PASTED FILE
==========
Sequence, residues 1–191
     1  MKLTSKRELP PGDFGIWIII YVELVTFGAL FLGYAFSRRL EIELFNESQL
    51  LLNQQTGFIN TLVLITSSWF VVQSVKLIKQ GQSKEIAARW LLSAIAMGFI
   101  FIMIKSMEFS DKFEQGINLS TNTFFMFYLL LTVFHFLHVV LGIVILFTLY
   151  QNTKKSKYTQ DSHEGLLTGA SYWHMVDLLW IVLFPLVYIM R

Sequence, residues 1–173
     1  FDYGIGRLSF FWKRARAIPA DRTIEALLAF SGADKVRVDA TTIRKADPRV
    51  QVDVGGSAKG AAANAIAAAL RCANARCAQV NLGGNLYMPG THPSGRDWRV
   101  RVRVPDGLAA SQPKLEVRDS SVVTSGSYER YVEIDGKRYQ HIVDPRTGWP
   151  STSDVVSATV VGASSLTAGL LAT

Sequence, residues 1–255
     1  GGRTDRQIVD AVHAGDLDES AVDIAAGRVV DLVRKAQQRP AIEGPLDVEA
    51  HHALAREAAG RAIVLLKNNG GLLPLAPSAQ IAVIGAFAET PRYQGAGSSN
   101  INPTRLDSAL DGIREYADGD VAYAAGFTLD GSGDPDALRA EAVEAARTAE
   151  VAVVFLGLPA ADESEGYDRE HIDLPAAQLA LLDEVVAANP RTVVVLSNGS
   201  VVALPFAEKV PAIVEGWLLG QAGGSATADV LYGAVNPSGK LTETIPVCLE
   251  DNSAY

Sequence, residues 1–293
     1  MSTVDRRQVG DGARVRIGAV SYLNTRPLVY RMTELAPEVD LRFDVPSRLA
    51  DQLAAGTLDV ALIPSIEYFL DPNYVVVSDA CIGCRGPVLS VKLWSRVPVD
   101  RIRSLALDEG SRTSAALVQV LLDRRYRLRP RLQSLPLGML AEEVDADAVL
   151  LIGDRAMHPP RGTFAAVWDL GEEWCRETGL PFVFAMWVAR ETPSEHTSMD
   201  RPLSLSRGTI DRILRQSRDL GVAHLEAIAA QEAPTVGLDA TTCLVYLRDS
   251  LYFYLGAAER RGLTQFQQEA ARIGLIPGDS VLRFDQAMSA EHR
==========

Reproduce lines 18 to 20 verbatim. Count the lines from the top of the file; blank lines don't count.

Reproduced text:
Sequence, residues 1–293
     1  MSTVDRRQVG DGARVRIGAV SYLNTRPLVY RMTELAPEVD LRFDVPSRLA
    51  DQLAAGTLDV ALIPSIEYFL DPNYVVVSDA CIGCRGPVLS VKLWSRVPVD